Second Stage

Unlike startups, second-stage companies are no longer concerned about survival. And in contrast to small businesses and lifestyle entrepreneurs, second-stagers are significant job creators and many have established national and global markets that bring outside dollars into their communities.

Second stage is a critical time because these entrepreneurs face an entirely new set of challenges. What made them successful during startup won’t necessarily drive future growth. We’re continually innovating new programs and tools to help them scale.

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Defined

Second-stage companies are those that have grown past the startup stage but have not yet grown to maturity. They have enough employees to exceed the comfortable control span of one owner/CEO and benefit from adding professional managers, but they may not have a full-scale professional management team.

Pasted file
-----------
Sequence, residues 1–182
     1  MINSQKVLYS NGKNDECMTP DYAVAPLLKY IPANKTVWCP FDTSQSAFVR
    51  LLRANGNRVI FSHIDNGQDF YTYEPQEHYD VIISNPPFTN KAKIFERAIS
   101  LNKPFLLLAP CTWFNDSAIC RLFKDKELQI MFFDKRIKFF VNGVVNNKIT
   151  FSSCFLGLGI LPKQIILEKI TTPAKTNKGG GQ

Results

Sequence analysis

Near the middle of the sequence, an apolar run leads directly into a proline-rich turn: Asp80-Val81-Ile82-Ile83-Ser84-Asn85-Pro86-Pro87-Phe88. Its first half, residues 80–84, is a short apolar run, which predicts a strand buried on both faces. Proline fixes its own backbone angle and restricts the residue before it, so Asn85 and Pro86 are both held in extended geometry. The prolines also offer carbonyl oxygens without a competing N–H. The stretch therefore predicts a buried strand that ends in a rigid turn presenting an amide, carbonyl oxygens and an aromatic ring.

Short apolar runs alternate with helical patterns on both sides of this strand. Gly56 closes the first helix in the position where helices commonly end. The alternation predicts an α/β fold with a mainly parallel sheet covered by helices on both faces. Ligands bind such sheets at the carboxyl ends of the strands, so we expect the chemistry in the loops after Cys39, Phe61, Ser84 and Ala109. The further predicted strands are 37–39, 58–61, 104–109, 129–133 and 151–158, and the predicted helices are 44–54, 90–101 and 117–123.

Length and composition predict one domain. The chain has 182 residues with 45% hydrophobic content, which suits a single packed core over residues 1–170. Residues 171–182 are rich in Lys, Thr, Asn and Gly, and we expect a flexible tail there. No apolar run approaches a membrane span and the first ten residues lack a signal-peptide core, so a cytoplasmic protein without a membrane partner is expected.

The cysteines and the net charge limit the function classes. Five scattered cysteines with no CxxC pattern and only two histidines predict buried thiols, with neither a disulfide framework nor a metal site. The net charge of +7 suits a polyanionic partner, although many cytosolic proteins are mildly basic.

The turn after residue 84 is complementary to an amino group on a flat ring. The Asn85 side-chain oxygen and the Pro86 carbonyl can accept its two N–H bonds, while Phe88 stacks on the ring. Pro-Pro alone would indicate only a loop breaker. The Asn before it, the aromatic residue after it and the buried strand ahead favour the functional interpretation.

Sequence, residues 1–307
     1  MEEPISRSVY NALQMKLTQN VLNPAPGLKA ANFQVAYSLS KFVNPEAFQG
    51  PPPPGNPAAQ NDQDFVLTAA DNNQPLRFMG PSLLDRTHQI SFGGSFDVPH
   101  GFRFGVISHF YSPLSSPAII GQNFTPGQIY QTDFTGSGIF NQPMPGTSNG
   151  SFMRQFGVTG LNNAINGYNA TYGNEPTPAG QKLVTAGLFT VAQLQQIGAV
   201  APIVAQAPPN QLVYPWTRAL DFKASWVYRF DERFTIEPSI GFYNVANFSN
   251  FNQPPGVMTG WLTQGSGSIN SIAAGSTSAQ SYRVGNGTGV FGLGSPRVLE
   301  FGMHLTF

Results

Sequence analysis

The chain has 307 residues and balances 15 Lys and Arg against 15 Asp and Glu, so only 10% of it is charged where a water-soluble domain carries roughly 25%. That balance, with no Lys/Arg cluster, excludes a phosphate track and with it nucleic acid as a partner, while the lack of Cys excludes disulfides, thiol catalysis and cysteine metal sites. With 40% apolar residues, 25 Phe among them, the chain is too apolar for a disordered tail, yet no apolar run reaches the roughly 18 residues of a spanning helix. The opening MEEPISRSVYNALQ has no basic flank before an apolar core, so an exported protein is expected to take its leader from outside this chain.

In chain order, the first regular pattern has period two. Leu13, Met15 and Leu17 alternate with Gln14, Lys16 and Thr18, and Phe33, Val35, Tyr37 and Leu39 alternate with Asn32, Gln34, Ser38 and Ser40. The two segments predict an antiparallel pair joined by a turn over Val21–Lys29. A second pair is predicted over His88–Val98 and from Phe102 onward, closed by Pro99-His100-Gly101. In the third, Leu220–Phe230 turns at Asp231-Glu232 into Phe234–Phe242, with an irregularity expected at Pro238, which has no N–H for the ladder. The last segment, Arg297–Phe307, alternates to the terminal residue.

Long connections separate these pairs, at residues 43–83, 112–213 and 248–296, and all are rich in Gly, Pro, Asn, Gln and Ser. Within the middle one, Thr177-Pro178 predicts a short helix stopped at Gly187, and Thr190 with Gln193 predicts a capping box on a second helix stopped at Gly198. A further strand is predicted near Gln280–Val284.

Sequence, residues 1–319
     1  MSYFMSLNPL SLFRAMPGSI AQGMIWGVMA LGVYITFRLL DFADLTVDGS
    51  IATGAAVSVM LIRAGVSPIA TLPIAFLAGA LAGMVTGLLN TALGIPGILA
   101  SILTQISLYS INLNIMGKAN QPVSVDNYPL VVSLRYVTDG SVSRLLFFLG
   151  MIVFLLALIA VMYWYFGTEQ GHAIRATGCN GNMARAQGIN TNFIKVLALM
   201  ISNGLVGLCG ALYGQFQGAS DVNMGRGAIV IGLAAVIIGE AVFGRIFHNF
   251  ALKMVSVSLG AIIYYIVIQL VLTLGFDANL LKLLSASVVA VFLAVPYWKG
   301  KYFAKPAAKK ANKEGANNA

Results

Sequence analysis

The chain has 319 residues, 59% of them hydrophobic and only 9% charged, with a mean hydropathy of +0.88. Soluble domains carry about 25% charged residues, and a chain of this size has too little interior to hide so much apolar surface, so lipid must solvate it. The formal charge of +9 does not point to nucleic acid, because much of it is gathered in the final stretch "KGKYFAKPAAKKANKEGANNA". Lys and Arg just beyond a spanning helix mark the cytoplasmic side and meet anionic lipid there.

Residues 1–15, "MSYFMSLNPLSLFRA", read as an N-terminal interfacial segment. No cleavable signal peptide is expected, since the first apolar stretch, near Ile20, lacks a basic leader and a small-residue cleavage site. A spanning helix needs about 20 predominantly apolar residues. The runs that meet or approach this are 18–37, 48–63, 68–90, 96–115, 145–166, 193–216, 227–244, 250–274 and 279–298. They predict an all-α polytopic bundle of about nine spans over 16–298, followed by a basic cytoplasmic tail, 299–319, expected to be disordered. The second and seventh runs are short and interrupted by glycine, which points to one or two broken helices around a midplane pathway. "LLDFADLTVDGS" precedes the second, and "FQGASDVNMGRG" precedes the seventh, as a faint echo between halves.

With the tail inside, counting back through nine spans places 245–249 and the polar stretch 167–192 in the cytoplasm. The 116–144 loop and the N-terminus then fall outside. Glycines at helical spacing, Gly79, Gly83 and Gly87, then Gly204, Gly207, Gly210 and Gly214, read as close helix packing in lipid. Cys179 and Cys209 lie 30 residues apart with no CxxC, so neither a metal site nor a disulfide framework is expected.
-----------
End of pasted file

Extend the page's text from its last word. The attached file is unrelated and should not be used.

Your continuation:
A business typically begins to enter its second stage when it approaches $1 million in total receipts. The transition process may continue until it hits $100 million in receipts, although for most companies $50 million represents the upper limit of second stage. By $100 million, a firm will have to be professionally managed in order to continue to thrive and grow and be in its third stage of development. Employee numbers and revenue ranges vary by industry, but the population of firms with 10 to 100 employees and/or $750,000 to $50 million in receipts includes the vast majority of second-stage companies.